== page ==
The body of my Traveling Sweater is nearly done (it may, actually be done but I have to measure it again to make sure.) This has been a fun knit. Patsy is a customer who has come into the store a bunch of times to purchase Plymouth Gina yarn for the sweaters that she makes. She has a Facebook page for the sweaters because she’s knitted over 100 of them. I have loved the sweater since I first saw it and have almost bought the yarn once before. When we heard that Plymouth was discontinuing the yarn, I put aside what colors we had in the shop and the boss ordered bags of each remaining color. When they came in, I bought the yarn and cast on my sweater.
The pattern is a Knitting Plain and Simple pattern #9724, Neck Down Pullover for Women. These patterns are simple beginner patterns and are knit top down in the round with minimal seaming. The sizing is somewhat size-inclusive but they certainly could be expanded. It would be wonderful if they added full stitch counts, too. But I recommend these patterns often for customers and students knitting their first garments. I’ve chosen 10 colorways of the Gina yarn and have randomly pulled them out of the bag to knit next. I have simple knitted the whole ball and then spit-spliced the next ball and kept knitting. I had a bit of a challenge making gauge but I decided that I would use the recommended needles and knit the size larger so that it would fit comfortably. I’m thinking that I may use a folded hem rather than a rolled hem but I haven’t decided yet. I suppose I can knit the rolled hem and then sew it up if I change my mind.
I’ve got to buy one more ball of Gina so that my sleeves, at least at the shoulders, match as closely as possible to the body of the sweater. After that, random is fine.
You know (don’t you?) that I live on a beautiful lake in Central Maine. We are very fortunate to have a thriving loon population despite the crazy boaters that have caused nests to fail (one year we had two lost eggs on the same nest).
This year, the loon pair nearest to our house had two chicks. They nested on a nesting platform that has been built by our lake association (and is in need of some work). Loons don’t walk on land well. Their legs are located farther back on their bodies than other waterfoul and their bones aren’t hollow like other birds. Loons sit low in the water and are very heavy so nesting is a challenge for them. Regardless, our pair had two eggs and hatched two chicks. We watch them like hawks … and I’m not kidding about that at all. Hawks and eagles and other animals prey on baby loons. They become “my” chicks every year. My neighbors feel the same way.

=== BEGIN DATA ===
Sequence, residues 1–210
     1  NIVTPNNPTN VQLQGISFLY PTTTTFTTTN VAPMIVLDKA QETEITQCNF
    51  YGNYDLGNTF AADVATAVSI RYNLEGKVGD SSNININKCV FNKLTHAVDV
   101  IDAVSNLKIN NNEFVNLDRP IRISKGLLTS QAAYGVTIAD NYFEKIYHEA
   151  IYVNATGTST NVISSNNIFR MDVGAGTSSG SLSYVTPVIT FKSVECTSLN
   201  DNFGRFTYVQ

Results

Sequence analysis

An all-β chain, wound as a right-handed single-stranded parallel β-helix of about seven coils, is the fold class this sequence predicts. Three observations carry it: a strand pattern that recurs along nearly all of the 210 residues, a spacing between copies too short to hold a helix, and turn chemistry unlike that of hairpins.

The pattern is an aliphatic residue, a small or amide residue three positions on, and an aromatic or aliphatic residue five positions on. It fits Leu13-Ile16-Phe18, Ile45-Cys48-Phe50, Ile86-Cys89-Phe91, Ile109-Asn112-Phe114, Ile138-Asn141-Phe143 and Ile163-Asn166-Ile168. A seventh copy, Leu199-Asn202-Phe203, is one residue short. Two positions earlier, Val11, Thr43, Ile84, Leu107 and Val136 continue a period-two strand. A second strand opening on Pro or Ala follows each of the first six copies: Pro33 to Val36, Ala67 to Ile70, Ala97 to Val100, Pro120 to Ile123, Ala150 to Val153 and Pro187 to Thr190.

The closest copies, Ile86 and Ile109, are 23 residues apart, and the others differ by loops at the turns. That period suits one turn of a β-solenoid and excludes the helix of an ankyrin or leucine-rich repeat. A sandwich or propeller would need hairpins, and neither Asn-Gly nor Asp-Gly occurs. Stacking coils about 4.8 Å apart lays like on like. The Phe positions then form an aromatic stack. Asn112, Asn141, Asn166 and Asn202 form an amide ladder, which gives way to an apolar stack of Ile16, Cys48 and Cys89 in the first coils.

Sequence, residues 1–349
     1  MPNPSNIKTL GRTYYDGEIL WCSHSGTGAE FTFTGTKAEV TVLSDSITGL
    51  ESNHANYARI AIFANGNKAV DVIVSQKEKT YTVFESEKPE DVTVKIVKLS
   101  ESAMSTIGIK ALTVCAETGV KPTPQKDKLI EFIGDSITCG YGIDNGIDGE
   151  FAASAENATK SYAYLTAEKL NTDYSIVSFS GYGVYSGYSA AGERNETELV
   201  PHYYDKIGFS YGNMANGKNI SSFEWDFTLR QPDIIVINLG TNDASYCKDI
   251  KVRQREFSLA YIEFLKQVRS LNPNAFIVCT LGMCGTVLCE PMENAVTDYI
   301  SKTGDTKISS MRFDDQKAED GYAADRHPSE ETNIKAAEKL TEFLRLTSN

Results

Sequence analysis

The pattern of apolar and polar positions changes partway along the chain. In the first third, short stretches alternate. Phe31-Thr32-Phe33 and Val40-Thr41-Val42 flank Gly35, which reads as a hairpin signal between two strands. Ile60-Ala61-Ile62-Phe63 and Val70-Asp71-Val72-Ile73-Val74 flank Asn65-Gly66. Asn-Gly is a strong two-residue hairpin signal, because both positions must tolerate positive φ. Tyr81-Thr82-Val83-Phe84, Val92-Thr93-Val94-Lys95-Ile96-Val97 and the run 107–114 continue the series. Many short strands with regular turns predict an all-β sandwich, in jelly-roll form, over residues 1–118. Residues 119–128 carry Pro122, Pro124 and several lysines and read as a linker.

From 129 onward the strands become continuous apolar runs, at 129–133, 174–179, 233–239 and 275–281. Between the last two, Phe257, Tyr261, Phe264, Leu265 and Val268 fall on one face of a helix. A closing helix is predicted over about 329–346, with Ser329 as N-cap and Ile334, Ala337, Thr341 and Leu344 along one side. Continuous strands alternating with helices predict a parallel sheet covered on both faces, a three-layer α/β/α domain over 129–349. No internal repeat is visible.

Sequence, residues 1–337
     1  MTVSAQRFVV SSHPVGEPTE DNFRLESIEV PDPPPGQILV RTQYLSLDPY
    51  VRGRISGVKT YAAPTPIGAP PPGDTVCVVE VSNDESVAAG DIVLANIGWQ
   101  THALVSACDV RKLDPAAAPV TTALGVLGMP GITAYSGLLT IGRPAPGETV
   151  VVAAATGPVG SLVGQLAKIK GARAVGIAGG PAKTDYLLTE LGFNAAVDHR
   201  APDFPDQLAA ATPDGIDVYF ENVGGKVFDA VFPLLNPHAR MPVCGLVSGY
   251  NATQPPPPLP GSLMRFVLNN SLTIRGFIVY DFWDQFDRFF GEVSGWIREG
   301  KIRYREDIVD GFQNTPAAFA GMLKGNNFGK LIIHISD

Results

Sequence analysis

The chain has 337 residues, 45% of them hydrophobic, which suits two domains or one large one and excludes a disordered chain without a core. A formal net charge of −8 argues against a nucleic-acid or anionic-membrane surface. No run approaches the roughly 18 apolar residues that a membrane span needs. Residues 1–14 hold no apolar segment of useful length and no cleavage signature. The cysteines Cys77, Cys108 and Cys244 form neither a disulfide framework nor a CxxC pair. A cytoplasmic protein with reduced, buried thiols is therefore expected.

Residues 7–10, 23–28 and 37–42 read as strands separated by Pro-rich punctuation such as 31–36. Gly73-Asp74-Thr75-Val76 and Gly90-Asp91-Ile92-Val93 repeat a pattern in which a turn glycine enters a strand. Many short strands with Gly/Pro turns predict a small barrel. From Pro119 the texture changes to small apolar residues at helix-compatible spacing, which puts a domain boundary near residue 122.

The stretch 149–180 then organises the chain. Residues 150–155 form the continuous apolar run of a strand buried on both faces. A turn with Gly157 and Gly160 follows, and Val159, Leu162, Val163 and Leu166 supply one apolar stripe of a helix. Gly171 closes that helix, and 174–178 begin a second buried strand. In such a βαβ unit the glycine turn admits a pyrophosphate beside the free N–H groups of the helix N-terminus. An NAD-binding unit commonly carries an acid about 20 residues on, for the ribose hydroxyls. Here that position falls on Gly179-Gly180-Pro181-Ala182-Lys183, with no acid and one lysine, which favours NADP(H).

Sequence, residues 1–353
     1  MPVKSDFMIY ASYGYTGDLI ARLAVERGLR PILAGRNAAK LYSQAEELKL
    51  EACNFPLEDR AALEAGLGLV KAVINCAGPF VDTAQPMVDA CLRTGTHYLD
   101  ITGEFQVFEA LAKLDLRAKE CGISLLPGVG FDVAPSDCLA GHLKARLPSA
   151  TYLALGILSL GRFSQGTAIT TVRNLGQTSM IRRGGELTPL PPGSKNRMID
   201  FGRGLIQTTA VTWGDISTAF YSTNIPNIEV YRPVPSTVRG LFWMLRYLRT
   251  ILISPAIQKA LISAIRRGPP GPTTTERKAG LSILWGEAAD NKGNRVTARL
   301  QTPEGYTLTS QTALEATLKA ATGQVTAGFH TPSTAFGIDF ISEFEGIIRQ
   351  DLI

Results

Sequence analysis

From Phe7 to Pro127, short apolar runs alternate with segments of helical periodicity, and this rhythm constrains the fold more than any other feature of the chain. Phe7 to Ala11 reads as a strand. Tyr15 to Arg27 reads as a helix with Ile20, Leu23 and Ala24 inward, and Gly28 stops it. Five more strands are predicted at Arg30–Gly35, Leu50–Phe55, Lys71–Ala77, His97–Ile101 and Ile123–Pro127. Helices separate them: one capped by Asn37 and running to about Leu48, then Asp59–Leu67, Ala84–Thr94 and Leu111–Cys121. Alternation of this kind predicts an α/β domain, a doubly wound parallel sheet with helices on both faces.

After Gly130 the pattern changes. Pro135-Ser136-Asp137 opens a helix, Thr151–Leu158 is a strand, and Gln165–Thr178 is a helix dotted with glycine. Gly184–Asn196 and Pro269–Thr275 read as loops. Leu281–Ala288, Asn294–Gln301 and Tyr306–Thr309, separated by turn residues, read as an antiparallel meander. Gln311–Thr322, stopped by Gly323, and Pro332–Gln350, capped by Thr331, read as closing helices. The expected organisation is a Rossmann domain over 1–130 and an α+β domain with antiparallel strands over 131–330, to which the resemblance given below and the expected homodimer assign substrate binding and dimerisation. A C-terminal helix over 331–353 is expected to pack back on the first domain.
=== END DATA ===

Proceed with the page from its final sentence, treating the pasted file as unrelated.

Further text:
This year, we have all enjoyed watching the twins with their parents until there was only one twin. My heart was broken that we seemed to have lost one of our sweet chicks. But our local lake tour guy, and a friend of mine who sits on the lake association board of trustees with me, texted me about the “missing” chick that he hadn’t seen for five days. He reached out to another board member who just happens to be our resident nature guy and loon expert. Here’s the skinny …
Our loon is healthy and well and living in pseudo-captivity for the next few weeks in Massachusetts. And this is the gist of what I’ve learned. There is an organization here in Maine called Biodiversity Research Institute and they’re authorized to move loons (after they’re big enough to feed themselves but before they are able to fly) to Massachusetts to translocate loons in an effort to restore the common loon to an area where they’d disappeared. This is what’s happening to our loon. He or she is helping the loon population to grow in another place. And the BRI program has been very successful over the past several years. This is loon conservation at it’s finest! (Read about the success of the program here!)
More good news … Our remaining loon (and the loon that was translocated) has a significantly better chance of surviving to adulthood. Feeding two chicks is a huge job for the adults. Feeding one chick is a big job. This way, since loons don’t count very well, the adults will be feeding their remaining chick well and they’ll all three be healthier and more prepared calorically for their flight in the near future to the coast. Our loons will winter over in the harbors off the coast of Maine and then in the spring after ice out, our adult pair will return to the lake. The young chick will remain on the ocean for a couple of years before flying “back home” to find a mate. The translocated chick will be fed minnows for a few more weeks and when he/she is ready, will be released on a lake in Massachusetts. That baby loon will fly to the coast from it’s new home in MA. Baby loons navigate “home” based on their first flight.